Delinquent Behaviour

19/11/2010 at 11:52 am

Despite the coverage they have received this week, this post is not about the most recent travails of the more heavily indebted sovereign borrowers (to which readers of this blog were alerted some time ago). In the spirit of the royal engagement, we would rather focus on some good news – the latest figures on mortgage delinquencies and home foreclosures out of the US.

A high profile news item in the States, this data tends to be less well followed over here. By way of background, both delinquencies – defined as mortgages falling more than 30 days behind payment – and foreclosures rose recently to record highs. Having sent a thunderbolt through the world financial system by way of the subprime crisis, the mortgage market has remained a millstone round the neck of the American economy ever since.

But last quarter – for the second quarter in a row – the percentage of US home loans counted as delinquent, and the percentage of mortgages that have become the subject of foreclosure proceedings, fell.

One, or even two quarters of positive news do not a summer make, of course. But as this excellent Wall Street Journal piece observes:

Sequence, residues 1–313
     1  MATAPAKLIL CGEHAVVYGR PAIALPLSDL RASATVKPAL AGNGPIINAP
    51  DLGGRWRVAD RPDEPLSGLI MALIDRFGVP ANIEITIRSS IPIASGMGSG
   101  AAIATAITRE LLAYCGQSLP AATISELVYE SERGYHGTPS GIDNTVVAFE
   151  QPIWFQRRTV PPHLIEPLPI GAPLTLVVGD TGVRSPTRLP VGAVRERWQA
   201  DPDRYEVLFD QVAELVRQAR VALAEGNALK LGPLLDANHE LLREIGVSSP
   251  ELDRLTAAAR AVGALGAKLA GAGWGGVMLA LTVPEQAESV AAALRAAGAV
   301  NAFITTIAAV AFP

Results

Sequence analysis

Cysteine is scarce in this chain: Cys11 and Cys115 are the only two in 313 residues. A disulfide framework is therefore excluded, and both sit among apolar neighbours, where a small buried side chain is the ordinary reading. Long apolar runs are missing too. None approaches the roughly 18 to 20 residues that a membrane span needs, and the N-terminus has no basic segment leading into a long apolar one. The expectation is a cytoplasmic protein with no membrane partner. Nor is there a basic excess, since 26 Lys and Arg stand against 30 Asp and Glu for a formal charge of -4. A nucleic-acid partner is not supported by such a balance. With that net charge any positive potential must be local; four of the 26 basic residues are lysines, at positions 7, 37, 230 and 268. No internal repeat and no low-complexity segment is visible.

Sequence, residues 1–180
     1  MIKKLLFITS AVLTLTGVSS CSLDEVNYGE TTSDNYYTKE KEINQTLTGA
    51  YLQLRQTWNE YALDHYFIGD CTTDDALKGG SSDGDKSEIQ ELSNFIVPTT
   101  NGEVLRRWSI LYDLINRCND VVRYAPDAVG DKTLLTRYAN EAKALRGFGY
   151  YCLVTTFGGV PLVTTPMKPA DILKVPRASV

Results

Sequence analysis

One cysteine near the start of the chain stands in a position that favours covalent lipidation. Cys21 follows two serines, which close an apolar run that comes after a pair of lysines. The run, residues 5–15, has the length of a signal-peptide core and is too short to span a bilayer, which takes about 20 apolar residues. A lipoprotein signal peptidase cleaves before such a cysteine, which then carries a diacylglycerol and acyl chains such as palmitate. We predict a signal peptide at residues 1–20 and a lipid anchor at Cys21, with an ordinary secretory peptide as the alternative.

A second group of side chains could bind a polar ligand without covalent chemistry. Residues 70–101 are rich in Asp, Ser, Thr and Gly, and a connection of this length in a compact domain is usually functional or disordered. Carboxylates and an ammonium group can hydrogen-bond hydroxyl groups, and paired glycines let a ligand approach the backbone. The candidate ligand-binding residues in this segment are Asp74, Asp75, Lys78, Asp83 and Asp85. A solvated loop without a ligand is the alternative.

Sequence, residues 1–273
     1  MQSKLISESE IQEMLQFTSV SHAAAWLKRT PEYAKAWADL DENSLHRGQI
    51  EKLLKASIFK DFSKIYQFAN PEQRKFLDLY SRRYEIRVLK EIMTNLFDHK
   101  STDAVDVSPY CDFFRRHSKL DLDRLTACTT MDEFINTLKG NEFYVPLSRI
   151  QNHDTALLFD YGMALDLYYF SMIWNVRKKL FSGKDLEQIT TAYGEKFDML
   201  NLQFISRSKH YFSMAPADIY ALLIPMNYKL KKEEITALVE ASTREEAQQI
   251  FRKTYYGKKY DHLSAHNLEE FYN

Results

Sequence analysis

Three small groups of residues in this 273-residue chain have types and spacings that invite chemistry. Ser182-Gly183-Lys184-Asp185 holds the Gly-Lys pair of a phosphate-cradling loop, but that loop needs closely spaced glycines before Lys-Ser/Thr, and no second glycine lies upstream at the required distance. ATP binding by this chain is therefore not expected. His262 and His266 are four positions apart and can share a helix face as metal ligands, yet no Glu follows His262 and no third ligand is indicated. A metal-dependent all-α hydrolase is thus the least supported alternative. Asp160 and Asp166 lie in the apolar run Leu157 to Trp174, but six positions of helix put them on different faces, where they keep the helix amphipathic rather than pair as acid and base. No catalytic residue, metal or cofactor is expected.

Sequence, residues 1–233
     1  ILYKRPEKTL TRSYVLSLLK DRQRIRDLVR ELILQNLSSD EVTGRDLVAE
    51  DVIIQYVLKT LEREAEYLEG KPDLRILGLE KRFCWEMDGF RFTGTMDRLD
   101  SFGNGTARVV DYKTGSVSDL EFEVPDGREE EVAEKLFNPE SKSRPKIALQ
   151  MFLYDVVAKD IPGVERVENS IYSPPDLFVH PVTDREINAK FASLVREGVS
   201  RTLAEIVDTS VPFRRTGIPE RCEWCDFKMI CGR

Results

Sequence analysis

“The decline reflects an improving economy and is the latest sign that the worst of the mortgage crisis may be easing …¬†Separately, data released by the Treasury Department on Thursday showed that the number of homeowners receiving help under the Obama administration’s Home Affordable Modification Program declined for the first time since the program began.

The article sounds plenty of cautionary notes, which is fair enough considering the extent of the problem (over 9% of all American mortgage borrowers have fallen behind on payments; for subprime borrowers, the figure is over 26%). And the need to improve sloppy procedures at US banks has likely delayed some foreclosures into subsequent quarters.

However, taken together with the US bank results we noted a month ago – which showed an across-the-board improvement in provisions for credit losses, despite a wide variety of bottom-line outcomes – yesterday’s mortgage data gives us further encouragement that Uncle Sam’s convalescence is well underway.

The world still has its trouble spots. But a properly entrenched recovery in what remains its largest economy by some distance, accounting for about 25% of global GDP, would shift the balance of risks to growth decisively to the upside.

One might ask in such circumstances how long a prudent central bank should keep taking chances with inflation before returning monetary policy to more normal levels, but that is a question for another day.

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